'Ptolemy!' Dio spat the name.

'Yes, I saw your agitation earlier when I spoke his name, which gave further confirmation to what I already suspected: that Dio of Alexandria had come to pay me a visit.'

'But you still haven't explained how you came to have such a suspicion in the first place,' said the gallus. ' 'Elucidate!' ' he quipped, mimicking Dio.

'By steps, then: My visitor is dressed as a woman but is not a woman. My visitor must be a man, then, with a reason for concealing himself-I confess that I overlooked the possibility that either of you might be a eunuch. A man in trouble, perhaps in danger-that seemed likely from your nervous mannerisms and the fact that you refused any food, despite the fact that your stomach was growling. From your brown hands and your accent, I knew you must be foreign.'

I shrugged. 'But there's a point where explaining the discrete steps in a logical progression of thought becomes too tedious to bother with- would you agree, Teacher? Like asking a weaver to explain how a tapestry was made by taking it apart thread by thread-what a mess you'd have! Suffice it to say that given what I had already deduced, the supposition leaped to my mind that my visitor must be Dio of Alexandria. I've heard of your plight; rumor says that you've been hiding in private houses here on the Palatine Hill; suddenly it occurred to me that this foreign stranger with a desperate demeanor might be Dio. To test the possibility, I felt you out. I spoke of philosophy, my days in Alexandria, King Ptolemy. Your reactions confirmed my suspicions. This is not philosophy or mathematics, Teacher, but I think you must see how my mind works, and how I have put to use the ways of thinking which you taught me long ago.'

Dio smiled and nodded. How curious, that in the fifth decade of my life I could still be warmed by the approval of a teacher I hadn't seen and had scarcely thought about for thirty years! 'And what about Trygonion?' Dio said.

'Yes, what did you make of me?' asked the little gallus, his eyes sparkling. (I say 'his eyes,' though many people, perhaps most, would say 'her eyes'; as often as not, eunuchs are referred to as females, which seems to please them.)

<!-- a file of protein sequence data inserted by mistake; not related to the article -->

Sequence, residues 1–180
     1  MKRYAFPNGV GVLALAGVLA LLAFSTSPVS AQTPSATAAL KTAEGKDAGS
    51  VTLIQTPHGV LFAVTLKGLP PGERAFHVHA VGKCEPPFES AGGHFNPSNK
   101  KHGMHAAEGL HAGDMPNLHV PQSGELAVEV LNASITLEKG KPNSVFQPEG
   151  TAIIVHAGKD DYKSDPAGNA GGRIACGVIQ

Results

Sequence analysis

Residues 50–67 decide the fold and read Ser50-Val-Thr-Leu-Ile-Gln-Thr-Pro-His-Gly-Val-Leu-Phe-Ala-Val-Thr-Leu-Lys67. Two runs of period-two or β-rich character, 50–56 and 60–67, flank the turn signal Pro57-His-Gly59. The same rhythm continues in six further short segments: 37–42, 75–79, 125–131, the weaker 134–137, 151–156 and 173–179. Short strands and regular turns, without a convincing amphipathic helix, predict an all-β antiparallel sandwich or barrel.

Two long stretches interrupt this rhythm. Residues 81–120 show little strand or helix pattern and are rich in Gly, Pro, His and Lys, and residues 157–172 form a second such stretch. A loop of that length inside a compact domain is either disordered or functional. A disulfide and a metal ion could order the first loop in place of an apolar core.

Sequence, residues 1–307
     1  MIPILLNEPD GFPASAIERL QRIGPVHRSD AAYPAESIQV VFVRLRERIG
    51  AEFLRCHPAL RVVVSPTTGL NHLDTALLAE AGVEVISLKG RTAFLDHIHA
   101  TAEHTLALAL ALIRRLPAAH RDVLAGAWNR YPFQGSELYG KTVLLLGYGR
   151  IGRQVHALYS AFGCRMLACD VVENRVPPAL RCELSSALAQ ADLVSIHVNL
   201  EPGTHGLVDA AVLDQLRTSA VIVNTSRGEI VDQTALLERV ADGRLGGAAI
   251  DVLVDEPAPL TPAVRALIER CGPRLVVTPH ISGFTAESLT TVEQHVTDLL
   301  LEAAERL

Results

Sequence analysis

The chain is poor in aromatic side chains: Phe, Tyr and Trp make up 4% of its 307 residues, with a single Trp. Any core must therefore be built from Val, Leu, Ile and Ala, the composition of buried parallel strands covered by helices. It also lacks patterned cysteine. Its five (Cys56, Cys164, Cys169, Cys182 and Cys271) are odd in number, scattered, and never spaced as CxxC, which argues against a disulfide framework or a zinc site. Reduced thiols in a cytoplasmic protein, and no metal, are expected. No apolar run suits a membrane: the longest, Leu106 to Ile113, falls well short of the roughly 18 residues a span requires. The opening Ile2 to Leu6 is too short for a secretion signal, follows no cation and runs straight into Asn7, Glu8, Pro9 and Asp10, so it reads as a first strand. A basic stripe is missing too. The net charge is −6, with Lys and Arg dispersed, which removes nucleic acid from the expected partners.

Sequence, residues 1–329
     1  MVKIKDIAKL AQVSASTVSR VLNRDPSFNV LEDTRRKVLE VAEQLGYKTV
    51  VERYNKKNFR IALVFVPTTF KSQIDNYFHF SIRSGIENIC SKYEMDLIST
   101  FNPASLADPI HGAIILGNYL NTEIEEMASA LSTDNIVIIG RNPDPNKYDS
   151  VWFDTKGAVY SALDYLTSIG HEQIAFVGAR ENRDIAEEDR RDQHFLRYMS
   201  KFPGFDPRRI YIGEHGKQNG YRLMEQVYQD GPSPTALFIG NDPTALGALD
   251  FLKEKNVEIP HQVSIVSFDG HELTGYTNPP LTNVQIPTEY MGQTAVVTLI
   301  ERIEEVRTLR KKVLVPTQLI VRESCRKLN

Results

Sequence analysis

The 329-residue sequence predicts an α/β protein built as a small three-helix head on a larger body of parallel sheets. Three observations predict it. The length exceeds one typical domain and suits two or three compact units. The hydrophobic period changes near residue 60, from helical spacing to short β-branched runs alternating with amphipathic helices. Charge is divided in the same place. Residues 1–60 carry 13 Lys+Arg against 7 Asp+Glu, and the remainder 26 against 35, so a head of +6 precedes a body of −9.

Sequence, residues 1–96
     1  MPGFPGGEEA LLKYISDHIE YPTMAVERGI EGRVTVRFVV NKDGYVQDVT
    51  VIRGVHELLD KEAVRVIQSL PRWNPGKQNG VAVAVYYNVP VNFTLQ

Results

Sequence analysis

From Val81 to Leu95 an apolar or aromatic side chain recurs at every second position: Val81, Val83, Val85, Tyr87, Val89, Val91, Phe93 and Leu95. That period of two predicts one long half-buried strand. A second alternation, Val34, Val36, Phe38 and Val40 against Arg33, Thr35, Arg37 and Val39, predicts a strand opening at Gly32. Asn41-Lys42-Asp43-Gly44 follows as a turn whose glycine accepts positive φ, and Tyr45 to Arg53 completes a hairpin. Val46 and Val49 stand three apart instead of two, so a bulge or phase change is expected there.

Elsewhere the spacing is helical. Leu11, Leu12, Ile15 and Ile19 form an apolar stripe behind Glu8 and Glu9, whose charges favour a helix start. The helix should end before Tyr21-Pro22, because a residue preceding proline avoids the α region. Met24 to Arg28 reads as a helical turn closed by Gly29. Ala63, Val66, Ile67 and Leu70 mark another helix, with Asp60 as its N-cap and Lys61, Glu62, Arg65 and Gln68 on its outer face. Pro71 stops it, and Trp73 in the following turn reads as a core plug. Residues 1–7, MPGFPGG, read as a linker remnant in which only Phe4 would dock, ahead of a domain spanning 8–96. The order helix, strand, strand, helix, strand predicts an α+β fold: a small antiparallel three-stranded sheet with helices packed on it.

'I confess, Trygonion, that you stumped me. I knew that you weren't what you pretended to be, but I got it wrong. I assumed you must be a young woman in a toga and hat, trying to pass herself off as a man.'

The gallus threw back his head and let out a throaty laugh. 'A logical balance, I suppose, for those who think of things as one or the other: a young woman in a toga, to match an old man in a stola!'

I nodded. 'Exactly. The expectation of symmetry seduced me into error.'

'So you took me for a woman!' said Trygonion, sitting low in his chair and fixing me with a feline gaze. 'Who did you think such a woman might be-the philosopher's slave, his daughter, his wife?' He reached over and stroked the top of Dio's wrinkled hand with his fingertips; the philosopher made a face and drew back at the touch. 'Or his Amazon bodyguard, perhaps?' Trygonion laughed.

I shrugged. 'Your features and your voice confused me. Eunuchs are rare in Rome; I overlooked that possibility. I saw that you were unaccustomed to wearing a toga, as might be expected of a woman-but also of a foreigner. I did notice your accent, but it's faint, and not Egyptian; Phrygian, I assume, now that I know you're a gallus. Your Latin is almost that of a Roman. You must have lived here a long time.'

'For ten years. I came to serve at the Great Mother's temple here in Rome when I was fifteen, the very year that I consecrated myself to her worship.' By consecrated, Trygonion meant castrated; Dio winced. 'So, the gallus proved a harder riddle to solve than the philosopher,' the little priest said, looking pleased with himself.

'As is only logical,' said Dio irritably, 'given that philosophers strive for lucidity, while the priests of Cybele make a religion of mystifying the senses.'

'And yet our host's young daughter perceived the truth at a glance,' said Trygonion.

'A beautiful girl,' said Dio softly, wrinkling his brow. 'Such insight on the part of a child seems almost preternatural, don't you think, Gordianus?' Trygonion looked at me shrewdly. 'Perhaps your daughter is a witch.'